How can crypto become a safe, traceable, spendable tender, including fiat-to-crypto technology?

According to the 2021 Cryptocurrency Payments Report, nearly half of Gen Zers and Millennials have owned or currently own cryptocurrency. Meanwhile, it has become much easier for people to make purchases using their cryptocurrency holdings. All this points towards a future in which ‘spendable crypto’ is part of daily life.

The technology and infrastructure to make crypto spendable is already there, meaning virtually anyone can, in theory, use Bitcoin or Ethereum to buy their morning coffee.

It is no longer necessary for a given merchant to accept crypto, a ‘crypto card’ can convert and spend any digital asset instantaneously at point of sale. This has been one of the most interesting trends to enable people to use crypto more openly, which in time will help grow its adoption. The next step is to provide more stability in terms of the value of these currencies, as currently volatility is a primary barrier. 

How will crypto move from a primary investment vehicle towards a mainstream spendable currency? 

At present the volatility of cryptocurrencies makes them less practical for everyday spending. This means that stablecoins and CBDCs will likely form part of the solution to the ‘spendable crypto’ puzzle.

We recently saw a major Australian bank, ANZ, back the launch of stablecoin A$DC, a pivotal day in the history of digital asset adoption.

It's a step towards restoring confidence in the digital economy, particularly as ANZ is working with Australian regulators to strike the balance between compliance, acceptance, and utility. ANZ is blazing the trail for more banking institutions to follow suit and potentially disrupt the disruptors: the crypto native issuers who originated the first stablecoins. 

Although crypto spending is indeed in its early days, we are now seeing daily stories in the headlines, with Britcoin and the BoE’s Central Bank Digital Currency (CBDC). The UK has announced it will regulate some stablecoins, as it looks to consolidate its position as a leader in digital payments.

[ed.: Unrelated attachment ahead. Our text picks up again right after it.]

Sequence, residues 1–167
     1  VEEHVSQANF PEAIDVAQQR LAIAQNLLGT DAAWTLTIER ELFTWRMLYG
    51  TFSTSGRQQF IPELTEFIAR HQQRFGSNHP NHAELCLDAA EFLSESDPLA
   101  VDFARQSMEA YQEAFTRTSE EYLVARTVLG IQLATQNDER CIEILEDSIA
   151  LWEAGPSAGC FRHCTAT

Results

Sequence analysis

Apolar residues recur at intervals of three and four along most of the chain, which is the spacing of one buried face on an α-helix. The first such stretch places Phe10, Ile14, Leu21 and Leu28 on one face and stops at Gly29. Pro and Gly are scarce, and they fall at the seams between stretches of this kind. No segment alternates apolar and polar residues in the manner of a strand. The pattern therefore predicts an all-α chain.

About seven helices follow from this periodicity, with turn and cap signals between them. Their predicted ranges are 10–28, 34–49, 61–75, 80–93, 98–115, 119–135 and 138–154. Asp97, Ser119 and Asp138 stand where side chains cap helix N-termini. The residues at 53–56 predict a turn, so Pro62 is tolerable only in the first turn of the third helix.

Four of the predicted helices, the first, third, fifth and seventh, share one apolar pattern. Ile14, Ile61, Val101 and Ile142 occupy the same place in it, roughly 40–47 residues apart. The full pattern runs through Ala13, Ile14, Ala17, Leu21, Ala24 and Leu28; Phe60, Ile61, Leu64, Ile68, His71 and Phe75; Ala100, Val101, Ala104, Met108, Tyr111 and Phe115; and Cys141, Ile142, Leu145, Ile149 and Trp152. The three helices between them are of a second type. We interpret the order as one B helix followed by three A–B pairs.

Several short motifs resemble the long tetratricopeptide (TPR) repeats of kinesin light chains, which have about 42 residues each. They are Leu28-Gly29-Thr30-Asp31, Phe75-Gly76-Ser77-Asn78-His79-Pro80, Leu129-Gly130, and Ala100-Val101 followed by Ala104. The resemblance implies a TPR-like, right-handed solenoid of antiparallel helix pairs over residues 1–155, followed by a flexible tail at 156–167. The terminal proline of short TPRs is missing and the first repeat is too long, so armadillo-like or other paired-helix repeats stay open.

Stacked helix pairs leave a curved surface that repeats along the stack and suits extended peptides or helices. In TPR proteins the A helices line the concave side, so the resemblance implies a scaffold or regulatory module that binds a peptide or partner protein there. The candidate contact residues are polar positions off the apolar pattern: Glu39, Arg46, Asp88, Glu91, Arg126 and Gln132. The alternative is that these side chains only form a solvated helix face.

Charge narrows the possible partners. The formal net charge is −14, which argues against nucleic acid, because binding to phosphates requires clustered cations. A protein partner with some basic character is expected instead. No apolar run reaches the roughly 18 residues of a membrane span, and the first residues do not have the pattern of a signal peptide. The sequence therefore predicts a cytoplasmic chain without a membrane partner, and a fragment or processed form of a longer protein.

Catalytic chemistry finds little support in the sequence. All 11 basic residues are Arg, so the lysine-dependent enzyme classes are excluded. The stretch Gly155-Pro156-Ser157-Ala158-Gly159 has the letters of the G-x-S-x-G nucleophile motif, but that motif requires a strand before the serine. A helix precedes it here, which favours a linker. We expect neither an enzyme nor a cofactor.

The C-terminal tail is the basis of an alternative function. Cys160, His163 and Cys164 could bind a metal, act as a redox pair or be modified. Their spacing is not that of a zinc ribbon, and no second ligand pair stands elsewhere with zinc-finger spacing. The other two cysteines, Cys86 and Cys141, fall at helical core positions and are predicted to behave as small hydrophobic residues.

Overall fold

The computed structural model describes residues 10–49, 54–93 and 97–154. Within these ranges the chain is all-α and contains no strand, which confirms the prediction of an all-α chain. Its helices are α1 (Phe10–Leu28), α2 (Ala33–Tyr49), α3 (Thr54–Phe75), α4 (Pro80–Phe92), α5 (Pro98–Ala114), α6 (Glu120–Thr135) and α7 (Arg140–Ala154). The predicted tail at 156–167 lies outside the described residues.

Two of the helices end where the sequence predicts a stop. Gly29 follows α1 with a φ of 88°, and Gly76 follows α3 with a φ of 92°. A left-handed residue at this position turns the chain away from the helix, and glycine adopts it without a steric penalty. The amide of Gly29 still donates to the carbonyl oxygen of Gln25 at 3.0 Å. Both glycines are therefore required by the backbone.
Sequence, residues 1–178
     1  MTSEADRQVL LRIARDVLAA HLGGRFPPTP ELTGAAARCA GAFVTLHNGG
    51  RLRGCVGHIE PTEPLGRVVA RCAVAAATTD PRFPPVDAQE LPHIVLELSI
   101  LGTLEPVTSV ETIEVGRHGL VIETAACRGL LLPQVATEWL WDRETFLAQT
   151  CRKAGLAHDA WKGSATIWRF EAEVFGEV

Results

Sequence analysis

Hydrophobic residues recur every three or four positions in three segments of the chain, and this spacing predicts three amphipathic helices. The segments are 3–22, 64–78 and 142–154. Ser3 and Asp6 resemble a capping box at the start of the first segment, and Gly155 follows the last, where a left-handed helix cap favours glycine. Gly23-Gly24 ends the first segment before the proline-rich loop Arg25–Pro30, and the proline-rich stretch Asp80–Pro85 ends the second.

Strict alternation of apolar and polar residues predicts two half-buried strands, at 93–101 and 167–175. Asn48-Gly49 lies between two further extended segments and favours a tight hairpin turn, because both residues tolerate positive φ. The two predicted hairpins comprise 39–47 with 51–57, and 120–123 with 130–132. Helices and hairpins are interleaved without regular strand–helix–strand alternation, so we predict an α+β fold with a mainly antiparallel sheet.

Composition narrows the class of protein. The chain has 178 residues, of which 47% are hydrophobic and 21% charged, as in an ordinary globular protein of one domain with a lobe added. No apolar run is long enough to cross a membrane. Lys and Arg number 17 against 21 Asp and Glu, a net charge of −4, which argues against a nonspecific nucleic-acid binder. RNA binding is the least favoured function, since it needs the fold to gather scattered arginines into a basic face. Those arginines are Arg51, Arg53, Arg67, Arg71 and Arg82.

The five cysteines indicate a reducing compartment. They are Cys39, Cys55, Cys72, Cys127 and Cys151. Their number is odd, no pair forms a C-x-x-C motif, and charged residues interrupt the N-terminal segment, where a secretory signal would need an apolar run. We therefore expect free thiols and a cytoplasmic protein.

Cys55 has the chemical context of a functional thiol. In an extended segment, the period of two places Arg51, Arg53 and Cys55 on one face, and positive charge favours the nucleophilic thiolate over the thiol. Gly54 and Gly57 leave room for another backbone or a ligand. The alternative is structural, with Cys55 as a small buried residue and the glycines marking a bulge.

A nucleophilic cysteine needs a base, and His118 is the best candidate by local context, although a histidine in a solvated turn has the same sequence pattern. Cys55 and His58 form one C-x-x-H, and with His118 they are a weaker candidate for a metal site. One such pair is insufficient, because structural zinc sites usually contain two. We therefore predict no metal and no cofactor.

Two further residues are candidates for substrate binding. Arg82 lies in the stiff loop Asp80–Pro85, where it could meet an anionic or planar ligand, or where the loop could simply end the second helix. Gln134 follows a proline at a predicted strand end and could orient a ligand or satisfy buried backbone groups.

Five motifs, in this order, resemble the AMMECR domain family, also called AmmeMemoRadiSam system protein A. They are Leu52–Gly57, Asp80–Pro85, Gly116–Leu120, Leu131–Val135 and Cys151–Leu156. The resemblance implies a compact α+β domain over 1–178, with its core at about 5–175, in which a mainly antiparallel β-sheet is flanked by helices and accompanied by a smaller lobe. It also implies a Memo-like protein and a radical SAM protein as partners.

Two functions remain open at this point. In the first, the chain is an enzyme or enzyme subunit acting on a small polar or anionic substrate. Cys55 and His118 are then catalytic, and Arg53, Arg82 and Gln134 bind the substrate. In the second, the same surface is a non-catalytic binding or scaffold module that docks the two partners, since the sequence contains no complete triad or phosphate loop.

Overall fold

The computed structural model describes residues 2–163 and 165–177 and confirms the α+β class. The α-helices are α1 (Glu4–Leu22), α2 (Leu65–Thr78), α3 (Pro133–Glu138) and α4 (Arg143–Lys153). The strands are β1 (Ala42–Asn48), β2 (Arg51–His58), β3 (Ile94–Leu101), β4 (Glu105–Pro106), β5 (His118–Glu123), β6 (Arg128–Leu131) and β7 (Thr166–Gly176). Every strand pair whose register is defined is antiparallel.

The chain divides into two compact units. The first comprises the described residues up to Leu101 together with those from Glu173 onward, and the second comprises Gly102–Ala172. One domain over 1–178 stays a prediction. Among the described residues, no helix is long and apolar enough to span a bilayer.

What does the future of cryptocurrency look like to you? And, will it ever spell the end of cash and fiat currency?

There are a number of drivers behind the advance of cryptocurrencies, not least of which is the historic lack of innovation and a lacklustre response to digital transformation that has made the payments sector ripe for disruption. But whatever the cause, the result is the same: a fundamental reappraisal of the way we use and define money.

The original intention of Bitcoin, the most prominent crypto asset, was to be a cost effective, frictionless, and spendable tender. We have recently seen strong signs of crypto assets again being used for purchases, through crypto cards, and this phenomenon is due to grow. 

Although in developed countries such as the Nordics and the UK we are seeing a move towards electronic payments which has been prompted by Covid-19, I don’t see a cashless society being adopted on a global scale anytime soon, unless it is a government led initiative such as CDBCs.

Fiat currency will not disappear but might take a different form. Cash will gradually decrease, as electronic payments continue to rise which could in the future lead to a greater adoption of digital currency such as private stablecoins and CDBCs, which in turn might begin to replace the use of electronic payments as we know them today.

Andrea Ramoino